LINEA ASPERA released their self-titled debut album in 2012. A collection of dark but danceable electronic pop, before any new listeners had an opportunity to discover and savour them, the duo had already disbanded in 2013.

One of the nearest partnership comparisons from the past was Cosey Fanni Tutti and Chris Carter. But a bit like OMD, LINEA ASPERA produced clever electronic pop with scientific themes acting as symbolism for the less-savoury side of life. Counterpointing Alison Lewis’ telling of terrible things were the beautiful melodies and engaging rhythm construction of Ryan Ambridge.

The duo resurfaced in 2019 with the release of the ‘Preservation Bias’ compilation of EP tracks and rarities, leading to a reunion with live shows around Europe including a triumphant gig at Electrowerkz in London and the announcement of a second LINEA ASPERA album. While under her ZANIAS moniker, Lewis has fully involved herself into instrumentation, programming and production, for ‘LP II’ she has left that all to Ambridge, with the two working remotely in different countries and using Dropbox for the three distinct stages of instrumental / vocals / mix.

Channelling her anxiety and anger, Lewis’ emotive and intense vocal delivery with the spectre of Lisa Gerrard looming uses words that intelligently relate the trials and tribulations of the human condition to aspects of physics and astronomy. Meanwhile Ambridge uses analogue production techniques with his synths and drum machines, so that they really do sound like they could have emerged from a bygone era.

The vocal and instrumental elements combine for a vintage minimal electronic pop sound, but with the twist of an accomplished singer as opposed to the off-key out-of-tune vocal efforts that have often spoiled music of this type in the past.

With a sparkling arpeggio in homage to THE KNIFE and their ‘Silent Shout’, the opening song ‘Solar Flare’ is glorious, with an almost gothic folk delivery over the quietly pumping backing to provide a unique resonance, using the science of the stars as a metaphor for the observation of pain and suffering.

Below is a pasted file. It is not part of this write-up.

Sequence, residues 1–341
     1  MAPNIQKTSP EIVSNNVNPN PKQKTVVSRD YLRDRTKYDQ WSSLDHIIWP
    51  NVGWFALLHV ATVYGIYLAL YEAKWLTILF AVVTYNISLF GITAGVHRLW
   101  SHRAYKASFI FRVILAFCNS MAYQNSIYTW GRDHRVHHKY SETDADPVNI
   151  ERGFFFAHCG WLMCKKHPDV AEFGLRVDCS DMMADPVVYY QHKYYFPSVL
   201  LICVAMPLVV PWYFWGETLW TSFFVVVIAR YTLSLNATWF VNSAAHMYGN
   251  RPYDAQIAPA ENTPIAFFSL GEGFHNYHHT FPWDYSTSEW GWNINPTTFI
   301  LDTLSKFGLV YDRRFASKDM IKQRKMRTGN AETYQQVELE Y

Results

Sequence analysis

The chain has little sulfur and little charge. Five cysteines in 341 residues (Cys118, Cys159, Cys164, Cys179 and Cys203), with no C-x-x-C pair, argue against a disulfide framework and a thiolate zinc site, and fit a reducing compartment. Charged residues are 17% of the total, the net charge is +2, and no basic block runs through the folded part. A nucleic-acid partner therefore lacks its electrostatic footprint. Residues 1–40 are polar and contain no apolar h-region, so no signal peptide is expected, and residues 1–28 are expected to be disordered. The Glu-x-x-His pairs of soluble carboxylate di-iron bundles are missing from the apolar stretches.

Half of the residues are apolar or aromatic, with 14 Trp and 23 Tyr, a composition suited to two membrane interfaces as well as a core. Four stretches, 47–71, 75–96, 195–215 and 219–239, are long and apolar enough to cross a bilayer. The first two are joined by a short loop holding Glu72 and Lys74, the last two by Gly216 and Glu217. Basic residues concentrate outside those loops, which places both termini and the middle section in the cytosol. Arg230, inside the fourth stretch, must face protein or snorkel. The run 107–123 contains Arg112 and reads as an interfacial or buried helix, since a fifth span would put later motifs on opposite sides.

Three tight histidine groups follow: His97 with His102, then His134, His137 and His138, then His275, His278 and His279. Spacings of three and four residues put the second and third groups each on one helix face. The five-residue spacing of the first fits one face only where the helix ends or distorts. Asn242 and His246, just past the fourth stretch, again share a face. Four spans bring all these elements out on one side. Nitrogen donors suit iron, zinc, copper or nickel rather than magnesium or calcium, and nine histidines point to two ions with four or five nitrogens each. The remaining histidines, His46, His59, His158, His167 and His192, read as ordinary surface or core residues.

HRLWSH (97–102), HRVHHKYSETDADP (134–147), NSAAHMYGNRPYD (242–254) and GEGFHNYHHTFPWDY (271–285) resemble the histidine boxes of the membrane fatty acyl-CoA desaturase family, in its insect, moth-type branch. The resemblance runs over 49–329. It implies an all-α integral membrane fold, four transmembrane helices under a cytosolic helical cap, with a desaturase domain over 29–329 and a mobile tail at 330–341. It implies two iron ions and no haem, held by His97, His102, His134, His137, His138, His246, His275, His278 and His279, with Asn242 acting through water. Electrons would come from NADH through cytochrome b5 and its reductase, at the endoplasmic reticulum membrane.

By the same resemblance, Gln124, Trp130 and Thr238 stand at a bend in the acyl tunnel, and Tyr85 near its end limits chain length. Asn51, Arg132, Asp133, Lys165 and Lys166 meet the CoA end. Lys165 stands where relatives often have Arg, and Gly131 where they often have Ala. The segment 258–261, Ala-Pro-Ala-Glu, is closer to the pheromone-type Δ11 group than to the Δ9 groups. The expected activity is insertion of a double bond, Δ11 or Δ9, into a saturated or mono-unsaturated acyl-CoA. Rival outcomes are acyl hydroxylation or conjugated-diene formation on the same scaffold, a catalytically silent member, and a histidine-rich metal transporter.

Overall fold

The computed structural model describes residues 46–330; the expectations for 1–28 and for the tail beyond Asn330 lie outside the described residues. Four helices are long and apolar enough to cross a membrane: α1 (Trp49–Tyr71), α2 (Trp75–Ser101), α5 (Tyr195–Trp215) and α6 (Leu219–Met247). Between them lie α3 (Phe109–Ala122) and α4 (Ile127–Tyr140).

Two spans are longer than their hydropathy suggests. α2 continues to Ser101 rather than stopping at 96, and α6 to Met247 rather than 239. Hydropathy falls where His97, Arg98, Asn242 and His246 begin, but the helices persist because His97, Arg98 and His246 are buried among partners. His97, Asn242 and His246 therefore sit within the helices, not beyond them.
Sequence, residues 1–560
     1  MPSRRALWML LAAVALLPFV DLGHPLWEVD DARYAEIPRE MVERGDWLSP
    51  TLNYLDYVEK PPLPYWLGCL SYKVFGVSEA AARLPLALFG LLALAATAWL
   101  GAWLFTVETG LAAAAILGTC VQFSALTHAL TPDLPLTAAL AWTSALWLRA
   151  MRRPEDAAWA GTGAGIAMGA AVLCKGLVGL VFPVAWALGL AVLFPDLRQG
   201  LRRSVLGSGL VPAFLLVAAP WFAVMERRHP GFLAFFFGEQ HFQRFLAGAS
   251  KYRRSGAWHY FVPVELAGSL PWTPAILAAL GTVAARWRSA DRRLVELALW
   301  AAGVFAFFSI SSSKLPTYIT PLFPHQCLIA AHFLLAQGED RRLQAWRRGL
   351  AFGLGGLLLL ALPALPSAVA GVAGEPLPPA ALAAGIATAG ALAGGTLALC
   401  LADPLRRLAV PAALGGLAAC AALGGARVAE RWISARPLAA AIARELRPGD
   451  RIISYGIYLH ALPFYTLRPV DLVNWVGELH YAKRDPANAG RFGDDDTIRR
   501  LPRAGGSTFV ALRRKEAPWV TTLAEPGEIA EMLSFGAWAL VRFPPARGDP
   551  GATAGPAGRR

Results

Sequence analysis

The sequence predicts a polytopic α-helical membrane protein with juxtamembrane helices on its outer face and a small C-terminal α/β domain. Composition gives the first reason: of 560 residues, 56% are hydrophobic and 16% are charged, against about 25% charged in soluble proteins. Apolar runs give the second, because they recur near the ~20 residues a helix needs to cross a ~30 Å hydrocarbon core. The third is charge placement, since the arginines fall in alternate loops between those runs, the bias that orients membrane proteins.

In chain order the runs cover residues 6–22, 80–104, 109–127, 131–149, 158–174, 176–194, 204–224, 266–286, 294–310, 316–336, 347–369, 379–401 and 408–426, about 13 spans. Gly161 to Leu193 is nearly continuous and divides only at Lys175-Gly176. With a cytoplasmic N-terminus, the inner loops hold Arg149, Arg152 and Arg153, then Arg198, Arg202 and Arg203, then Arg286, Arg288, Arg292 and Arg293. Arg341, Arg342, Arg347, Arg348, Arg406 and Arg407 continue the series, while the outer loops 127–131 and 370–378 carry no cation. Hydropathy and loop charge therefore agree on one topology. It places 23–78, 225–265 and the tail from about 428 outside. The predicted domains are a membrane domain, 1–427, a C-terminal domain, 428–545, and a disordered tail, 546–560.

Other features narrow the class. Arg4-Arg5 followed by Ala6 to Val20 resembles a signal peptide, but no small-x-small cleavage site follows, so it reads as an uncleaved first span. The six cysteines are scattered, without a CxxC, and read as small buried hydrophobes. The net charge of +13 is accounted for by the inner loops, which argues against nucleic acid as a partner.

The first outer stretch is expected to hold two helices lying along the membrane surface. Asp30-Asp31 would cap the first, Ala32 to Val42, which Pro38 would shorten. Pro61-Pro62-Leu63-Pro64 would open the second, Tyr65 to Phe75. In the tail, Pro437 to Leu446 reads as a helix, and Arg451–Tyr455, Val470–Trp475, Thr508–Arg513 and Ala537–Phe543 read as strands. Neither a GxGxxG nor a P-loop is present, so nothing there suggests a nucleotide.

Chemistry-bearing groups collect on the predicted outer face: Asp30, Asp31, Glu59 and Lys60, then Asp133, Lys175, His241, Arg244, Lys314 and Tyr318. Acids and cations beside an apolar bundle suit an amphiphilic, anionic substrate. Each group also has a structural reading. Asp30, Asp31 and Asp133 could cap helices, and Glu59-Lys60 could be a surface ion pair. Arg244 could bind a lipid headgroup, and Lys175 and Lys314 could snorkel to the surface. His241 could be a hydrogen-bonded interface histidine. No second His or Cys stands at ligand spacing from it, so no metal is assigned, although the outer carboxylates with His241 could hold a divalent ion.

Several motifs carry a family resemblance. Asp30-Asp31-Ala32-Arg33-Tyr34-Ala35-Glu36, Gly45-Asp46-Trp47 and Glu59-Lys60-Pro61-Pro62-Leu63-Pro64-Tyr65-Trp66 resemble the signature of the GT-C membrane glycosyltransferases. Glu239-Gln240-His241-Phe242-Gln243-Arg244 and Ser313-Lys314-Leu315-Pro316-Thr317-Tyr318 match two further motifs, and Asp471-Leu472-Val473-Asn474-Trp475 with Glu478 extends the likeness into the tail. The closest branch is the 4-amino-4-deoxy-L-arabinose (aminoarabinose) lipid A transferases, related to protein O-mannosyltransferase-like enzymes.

Using a steadier paced octave shifting bassline and the ominous tones of a string machine, ‘Redshift’ uses another astronomy phenomenon for Lewis to bear her soul, declaring “I’d like to choose you to fill the void”. ‘Equilibrium’ combines HI-NRG with darkwave, recalling the American duo SOFT METALS with its looping techno hypnotism. The harrowing words “Take my flesh, take my bones, I don’t use them anymore” document more of Lewis’ existential woes over Ambridge’s mechanised setting .

But with building bursts of synth, the longest track on the album ‘Entanglement’ sees Lewis saying she is “not used to feeling good”. But despite her declaring “you couldn’t fascinate me more” and “this is the warmth”, is it all over as she asks herself “am I spinning back to earth?”.

Despite using a bright keyboard hook, ‘Entropy’ gets serious about the gradual decline into disorder in some parts of the world; with elements of classic SOFT CELL in Ambridge’s infectious electro backdrop, Lewis offers in her statement of resignation that “well it all falls apart, just like everything else does” in a manner which lyrically could be Marc Almond.

With Lewis disillusioned again with love and announcing that the girl who doesn’t need anything is actually a fantasy, ‘Decoherence’ connects to more physics themes via a cosmic synth lattice leading to a metronomic backbone helped along by an enticing bassline triplet.

On the superb ‘Event Horizon’, the cutting synthesized hooks, disco drum box rhythms and supreme vocals confirm how LINEA ASPERA have become such a highly rated and beloved duo and why their magnificent melodic melancholy has been so missed over the past few years.

The solemn ‘Wave Function Collapse’ closes this second LINEA ASPERA album away from the uptempo nature occupying most of it with a moody quantum mechanics analogy. In distress, Lewis cannot help her venting her frustration, with the glaring admission that “I can’t do this anymore, I made the right choice this time and it’s making me ill…”

Science and electronic pop are natural bedfellows but despite the pain and anguish through this record, LINEA ASPERA have paradoxically made a very seductive one. Delightfully uncluttered with each part having its role, ‘LP II’ maintains a dark austere without being depressing. As well as being emotive, it is catchy too and highlights why LINEA ASPERA floor the competition. ‘LP II’ may be just eight tracks after eight years, but it is quality over quantity, so up yours Daniel Ek, the rather (he)artless CEO of Spotify.

LINEA ASPERA’s return of has been well worth the wait and with BOY HARSHER having gained much of the attention recently for their brooding style of electronic pop, while they are very good, LINEA ASPERA are even better.

Welcome back Alison Lewis and Ryan Ambridge, modern electronic pop is so much better with you both together as part of it.

‘LP II’ is released as a vinyl LP and download, available from

Text by Chi Ming Lai
7th September 2020